I half expected to be enraged by How to Be a Woman and throw it across a room. I mean, I imagine that would be my exact response in frustration if I read the often-referenced book by Germain Greer. But instead, I found myself surprisingly caught up in what Moran was saying.
See, I expected a lecture. I know – how presumptuous! What I got were anecdotes with a point to wrap up each chapter, and it was easy to relate to as a female for much of it. This wasn’t without fundamental disagreements on certain points, but I found myself reading it more as an autobiography that focussed in on the main points in a woman’s life without being a feminist rant. I also found myself laughing stupidly during my lunch breaks.
She’s funny, she’s witty, and she doesn’t shy away from talking about all the awkward moments. From masturbation and puberty to abortion and sexism in the work place, she tackles it in a ‘chat with the friends’ kind of way. The casualness may rub some people up the wrong way, but it seems a refreshing change from the lengthy, serious, referenced blog posts to get a point across. In fact, it doesn’t feel that there needs to be a point, the discussions recapped with Caz alone are lunch break gold. If it didn’t have those points, the book may have just soared.
But there are some issues, as with subsequent controversy that has surrounded Moran. She concludes by saying that basically, you shouldn’t give a shit about being a woman, just be who you want, and that’s what she’s looking for. Good!
That is if you’re not Katie Price, wearing thongs or pole dancing for money. It’s a case of saying everything is fine as long as no one is truly being hurt, but urges people to shame men for going to strip clubs, and talks down about women who pole dance for a job. Newsflash: it goes against the whole point, and my mental notebook ran out of space for things to include here. So, here goes.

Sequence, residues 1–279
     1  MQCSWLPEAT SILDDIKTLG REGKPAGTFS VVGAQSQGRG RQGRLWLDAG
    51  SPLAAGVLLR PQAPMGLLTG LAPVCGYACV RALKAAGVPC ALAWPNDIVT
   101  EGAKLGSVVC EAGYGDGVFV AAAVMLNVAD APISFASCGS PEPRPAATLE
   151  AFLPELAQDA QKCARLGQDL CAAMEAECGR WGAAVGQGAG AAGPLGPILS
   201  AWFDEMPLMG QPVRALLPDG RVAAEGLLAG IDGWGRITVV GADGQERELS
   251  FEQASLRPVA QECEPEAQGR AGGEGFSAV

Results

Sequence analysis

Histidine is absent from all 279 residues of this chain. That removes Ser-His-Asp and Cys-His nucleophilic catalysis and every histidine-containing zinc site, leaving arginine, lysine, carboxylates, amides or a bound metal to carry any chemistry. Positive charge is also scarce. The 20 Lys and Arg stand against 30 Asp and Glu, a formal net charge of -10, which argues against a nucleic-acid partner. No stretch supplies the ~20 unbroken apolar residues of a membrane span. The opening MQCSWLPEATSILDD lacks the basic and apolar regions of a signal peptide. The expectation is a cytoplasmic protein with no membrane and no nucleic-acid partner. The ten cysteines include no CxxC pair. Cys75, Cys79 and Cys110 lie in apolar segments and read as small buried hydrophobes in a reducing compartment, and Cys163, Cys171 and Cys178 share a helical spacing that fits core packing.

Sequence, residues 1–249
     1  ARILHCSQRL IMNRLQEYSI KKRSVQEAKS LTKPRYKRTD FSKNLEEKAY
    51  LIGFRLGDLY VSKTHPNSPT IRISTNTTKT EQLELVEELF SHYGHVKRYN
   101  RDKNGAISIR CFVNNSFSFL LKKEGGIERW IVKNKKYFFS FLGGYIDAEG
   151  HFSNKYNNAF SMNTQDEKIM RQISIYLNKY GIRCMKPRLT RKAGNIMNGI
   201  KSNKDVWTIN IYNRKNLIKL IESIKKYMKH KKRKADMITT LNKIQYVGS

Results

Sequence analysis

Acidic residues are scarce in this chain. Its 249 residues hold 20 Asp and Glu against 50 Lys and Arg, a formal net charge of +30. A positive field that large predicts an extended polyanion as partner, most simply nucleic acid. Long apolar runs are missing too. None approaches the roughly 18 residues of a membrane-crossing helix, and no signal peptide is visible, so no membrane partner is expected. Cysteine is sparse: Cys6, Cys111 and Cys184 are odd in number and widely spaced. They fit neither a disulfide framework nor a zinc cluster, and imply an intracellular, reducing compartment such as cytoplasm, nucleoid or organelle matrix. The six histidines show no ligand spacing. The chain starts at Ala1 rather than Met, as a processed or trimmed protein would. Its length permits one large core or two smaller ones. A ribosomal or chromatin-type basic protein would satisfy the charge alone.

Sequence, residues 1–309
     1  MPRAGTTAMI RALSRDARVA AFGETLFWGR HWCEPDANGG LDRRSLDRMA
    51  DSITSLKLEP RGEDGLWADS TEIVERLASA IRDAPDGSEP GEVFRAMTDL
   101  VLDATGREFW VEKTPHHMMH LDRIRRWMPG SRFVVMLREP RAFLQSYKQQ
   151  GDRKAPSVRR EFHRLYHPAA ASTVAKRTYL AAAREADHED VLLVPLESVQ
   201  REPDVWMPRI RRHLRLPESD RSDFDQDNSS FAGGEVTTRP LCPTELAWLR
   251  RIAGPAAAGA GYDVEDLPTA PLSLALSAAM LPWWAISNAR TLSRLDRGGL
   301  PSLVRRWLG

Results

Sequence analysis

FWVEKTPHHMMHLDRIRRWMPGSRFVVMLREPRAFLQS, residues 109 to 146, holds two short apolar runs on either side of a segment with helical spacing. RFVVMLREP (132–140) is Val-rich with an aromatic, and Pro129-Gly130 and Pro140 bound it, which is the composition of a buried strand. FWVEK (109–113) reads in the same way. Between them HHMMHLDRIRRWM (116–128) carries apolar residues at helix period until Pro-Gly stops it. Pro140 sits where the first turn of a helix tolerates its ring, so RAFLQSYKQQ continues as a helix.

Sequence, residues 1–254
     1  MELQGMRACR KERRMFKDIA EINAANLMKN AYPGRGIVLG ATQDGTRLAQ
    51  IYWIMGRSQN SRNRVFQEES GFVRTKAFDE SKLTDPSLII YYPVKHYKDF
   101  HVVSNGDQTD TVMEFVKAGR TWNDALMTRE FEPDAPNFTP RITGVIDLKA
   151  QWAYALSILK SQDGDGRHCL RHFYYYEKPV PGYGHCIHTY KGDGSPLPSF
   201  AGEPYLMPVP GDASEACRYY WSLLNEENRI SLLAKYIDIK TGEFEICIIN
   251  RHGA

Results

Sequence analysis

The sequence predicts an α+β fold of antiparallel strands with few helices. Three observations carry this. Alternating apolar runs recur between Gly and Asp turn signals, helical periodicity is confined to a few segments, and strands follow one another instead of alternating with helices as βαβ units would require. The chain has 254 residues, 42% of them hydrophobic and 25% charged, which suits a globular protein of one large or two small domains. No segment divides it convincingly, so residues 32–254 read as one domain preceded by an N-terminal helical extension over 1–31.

Yes, there are percentages that say certain industries run heavily on abuse: porn, for one. But not everyone in porn and strip clubs is forced to be there. Her concepts on the kind of porn needed are a refreshing change to the angry response of “BAN EVERYTHING!” but it’s kind of undermined when she picks random targets.
I get her argument on Katie Price as an asshole; I think she is, and I have never really liked her. As a feminist icon I do not care for her, as a person I do not care for her. But she is successful, in a completely different way to the acclaimed Lady Gaga, and the chastising of women succeeding by getting their boobs out is another undertone. I know people who aspire to be glamour models, quite a few actually, and what? They’re smart, they’re in the process of getting good degrees, but if they succeed for getting their boobs out, does that undermine it all? Slamming Price while praising Gaga, who is currently sexualising everything she can touch, doesn’t fit.
Another few that stand out: praising burlesque and slamming burqas – women can control themselves in both. And the former is directly compared to pole dancing to show why it’s tacky. No.
Underwear: we don’t wear briefs, brazilians, thongs (rounding off all the underwear types I can remember being mentioned) because we are socially conditioned to. Big underwear is not comfortable for some, it’s not attractive for others. Not everything that goes against baggy clothes is conformity.
Heels: Take it from a girl who naturally walks on her toes – it can be done, and it’s not done just to look good. The reason most people I know can’t walk in heels is because they walk heel first. Most people will fall over if they do that. I’m defending good shoes because I walked better in heels all the way up until I moved to Edinburgh, the hilliest place in the bloody country.
These are the ones the mental notebook are throwing out for inclusion.
Because, despite all this, it’s still good. But as said before it’s as a string of anecdotes. There are undertones of judgement despite the claims of “if you’re happy, I’m happy” type feminism. She’s far more open than many I’ve read things from, and that much is great, but these things kind of nip at her actual stand points.
Funny book, but it really highlights how many snags there are in her little world when it comes to being a woman. As an introduction to her as a person, she’s likeable and the kind of person you want to go for a pint with; and this book was genuinely a good few days well spent. Funny, smart, successful, but there’s something niggling through those little comments that’s hard to shake off.